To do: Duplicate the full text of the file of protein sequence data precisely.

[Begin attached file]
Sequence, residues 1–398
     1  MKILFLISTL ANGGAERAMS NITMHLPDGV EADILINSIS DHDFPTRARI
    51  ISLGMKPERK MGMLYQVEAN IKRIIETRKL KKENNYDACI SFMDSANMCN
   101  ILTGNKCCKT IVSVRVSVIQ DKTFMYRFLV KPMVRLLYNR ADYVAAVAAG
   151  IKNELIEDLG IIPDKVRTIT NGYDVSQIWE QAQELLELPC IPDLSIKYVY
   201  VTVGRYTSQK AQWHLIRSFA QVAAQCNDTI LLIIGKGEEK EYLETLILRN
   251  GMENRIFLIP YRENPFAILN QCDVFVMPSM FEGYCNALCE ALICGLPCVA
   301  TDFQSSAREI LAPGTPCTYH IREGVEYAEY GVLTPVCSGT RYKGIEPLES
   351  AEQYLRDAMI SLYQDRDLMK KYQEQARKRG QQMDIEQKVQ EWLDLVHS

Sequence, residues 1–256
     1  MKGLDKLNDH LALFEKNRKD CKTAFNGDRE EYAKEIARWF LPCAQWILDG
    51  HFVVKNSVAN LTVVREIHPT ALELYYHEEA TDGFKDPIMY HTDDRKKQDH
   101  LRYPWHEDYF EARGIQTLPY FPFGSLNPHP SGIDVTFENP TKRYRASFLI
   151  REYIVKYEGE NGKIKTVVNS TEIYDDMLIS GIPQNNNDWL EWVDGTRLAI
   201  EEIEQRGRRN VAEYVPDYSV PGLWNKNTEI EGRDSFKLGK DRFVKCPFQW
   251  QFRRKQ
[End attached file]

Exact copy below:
Sequence, residues 1–398
     1  MKILFLISTL ANGGAERAMS NITMHLPDGV EADILINSIS DHDFPTRARI
    51  ISLGMKPERK MGMLYQVEAN IKRIIETRKL KKENNYDACI SFMDSANMCN
   101  ILTGNKCCKT IVSVRVSVIQ DKTFMYRFLV KPMVRLLYNR ADYVAAVAAG
   151  IKNELIEDLG IIPDKVRTIT NGYDVSQIWE QAQELLELPC IPDLSIKYVY
   201  VTVGRYTSQK AQWHLIRSFA QVAAQCNDTI LLIIGKGEEK EYLETLILRN
   251  GMENRIFLIP YRENPFAILN QCDVFVMPSM FEGYCNALCE ALICGLPCVA
   301  TDFQSSAREI LAPGTPCTYH IREGVEYAEY GVLTPVCSGT RYKGIEPLES
   351  AEQYLRDAMI SLYQDRDLMK KYQEQARKRG QQMDIEQKVQ EWLDLVHS

Sequence, residues 1–256
     1  MKGLDKLNDH LALFEKNRKD CKTAFNGDRE EYAKEIARWF LPCAQWILDG
    51  HFVVKNSVAN LTVVREIHPT ALELYYHEEA TDGFKDPIMY HTDDRKKQDH
   101  LRYPWHEDYF EARGIQTLPY FPFGSLNPHP SGIDVTFENP TKRYRASFLI
   151  REYIVKYEGE NGKIKTVVNS TEIYDDMLIS GIPQNNNDWL EWVDGTRLAI
   201  EEIEQRGRRN VAEYVPDYSV PGLWNKNTEI EGRDSFKLGK DRFVKCPFQW
   251  QFRRKQ